UC Santa Barbara's Library Shuffle

UC Santa Barbara's Library Shuffle title=
UC Santa Barbara's Library Shuffle
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Photo: UCSB

By edhat staff

UC Santa Barbara's (UCSB) plan to reorganize the university library staff has caused a petition to be signed by the majority of academic departments.

Sixteen of UCSB's academic department chairs authored a petition sent to Executive Vice Chancellor David Marshall on May 14 requesting a one-year moratorium on University Library Staff Reorganization.

According to an internal email by Deputy University Librarian Alan Grosenheider, librarians who are currently serving as a "Subject Liaison" were asked to express their preferences for reassignment to one of the three new departments in an online survey.

A subject liaison librarian is a primary contact for department/program faculty for questions and information regarding library collections, instructional support, and reference services. The petition explains the departments and faculty rely on the University Library for research and graduate programs as well as education and curriculum for students.

UCSB Departments and faculty stated they were "shocked and dismayed" to learn of this reorganization of 15 of the 22 subject librarians without being consulted or directly notified. "Faculty, graduate student and undergraduate working relationships with subject librarians are multi-dimensional and are a foundation of excellence in research and teaching. We are open to discussing changes that preserve the strengths of the current system, while addressing the issues that led to the reorganization plan in the first place," the petition stated.

The departments are requesting a moratorium until July 1, 2020 in order to "allow a thorough, transparent and inclusive process of consultation to take place."

Below is a statement provided to edhat by a UCSB Library spokesperson:

"The UC Santa Barbara Library is engaged in an internal staff re-organization that realigns the roles and responsibilities of our librarians with the 21st-century needs of faculty and students. The Library re-organization has two major components: the creation of a Digital Strategies Division and a restructuring of the departments responsible for providing collections, research, and instructional support. Broader goals include the addition of academic professional data curator positions, deeper connections to new pedagogical and student support efforts, and less vertical compartmentalization in favor of more interconnections and horizontal collaboration. No positions are being eliminated, and librarians will maintain liaison connections to all academic departments. The Library is currently working with the faculty to review the changes and the timing of their implementation."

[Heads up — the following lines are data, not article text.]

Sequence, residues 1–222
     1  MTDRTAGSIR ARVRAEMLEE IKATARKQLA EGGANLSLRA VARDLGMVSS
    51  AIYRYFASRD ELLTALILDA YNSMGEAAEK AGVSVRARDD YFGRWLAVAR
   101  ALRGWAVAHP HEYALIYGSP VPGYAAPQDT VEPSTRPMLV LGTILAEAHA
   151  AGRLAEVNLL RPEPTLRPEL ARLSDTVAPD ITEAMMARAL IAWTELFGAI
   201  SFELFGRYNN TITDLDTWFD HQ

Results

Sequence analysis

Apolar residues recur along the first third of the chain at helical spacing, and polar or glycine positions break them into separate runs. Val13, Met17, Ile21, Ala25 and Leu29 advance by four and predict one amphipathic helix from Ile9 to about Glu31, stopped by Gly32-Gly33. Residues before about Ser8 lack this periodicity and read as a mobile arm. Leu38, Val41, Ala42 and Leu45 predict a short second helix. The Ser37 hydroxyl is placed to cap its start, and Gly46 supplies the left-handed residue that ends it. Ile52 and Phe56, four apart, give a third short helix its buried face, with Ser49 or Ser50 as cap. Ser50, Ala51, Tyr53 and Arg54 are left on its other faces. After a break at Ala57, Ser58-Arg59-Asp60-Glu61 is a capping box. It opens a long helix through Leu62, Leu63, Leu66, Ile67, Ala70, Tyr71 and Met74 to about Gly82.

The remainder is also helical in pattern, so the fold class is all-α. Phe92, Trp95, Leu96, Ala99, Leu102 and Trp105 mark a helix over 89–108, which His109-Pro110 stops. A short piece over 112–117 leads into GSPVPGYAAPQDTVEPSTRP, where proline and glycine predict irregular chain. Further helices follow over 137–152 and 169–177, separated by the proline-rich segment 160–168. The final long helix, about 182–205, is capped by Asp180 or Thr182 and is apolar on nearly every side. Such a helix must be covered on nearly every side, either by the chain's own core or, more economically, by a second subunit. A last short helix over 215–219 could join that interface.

A UCSB faculty member who asked to remain unnamed stated one library department head who is approaching retirement is losing all of her employes to the new departments, effectively being a department of one until retirement.

The staffing changes are expected to take place on July 1. 

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RHS Jun 05, 2019 09:54 AM
UC Santa Barbara's Library Shuffle

What is this: "...academic professional data curator positions, deeper connections to new pedagogical and student support efforts, and less vertical compartmentalization in favor of more interconnections and horizontal collaboration." What jargon and clearly designed to justify more management and less service. This should be stopped asap but that is unlikely as the whole of US business and education training and experience is to support more crap like this and less actual production to the customer.

PitMix Jun 04, 2019 01:57 PM
UC Santa Barbara's Library Shuffle

Tell me this isn't a cost-cutting measure done without consulting the academic departments. Done so they can hire more high-salary assistant vice bureaucrats? Or is there another reason that spending per student has declined over time while the Daily Bruin says:"Charles Schwartz, a retired UC Berkeley professor who studied UC finances for over 25 years, found that since 1991, UC management staff has increased by 308 percent, while student enrollment has increased by a mere 62 percent in comparison. Schwartz also found that the largest staff increases have been in what he calls “middle management,” or “supervisory” positions – staff roles that do not directly provide services to students or faculty, but which supervise those who do."

Z Jun 04, 2019 01:13 PM
UC Santa Barbara's Library Shuffle

Uppity faculty making waves. Let the academic departments reorganize to accommodate the library. Knowledge resides in the written word quite permanently, professors die out rather frequently. The chancellor should be the librarian.

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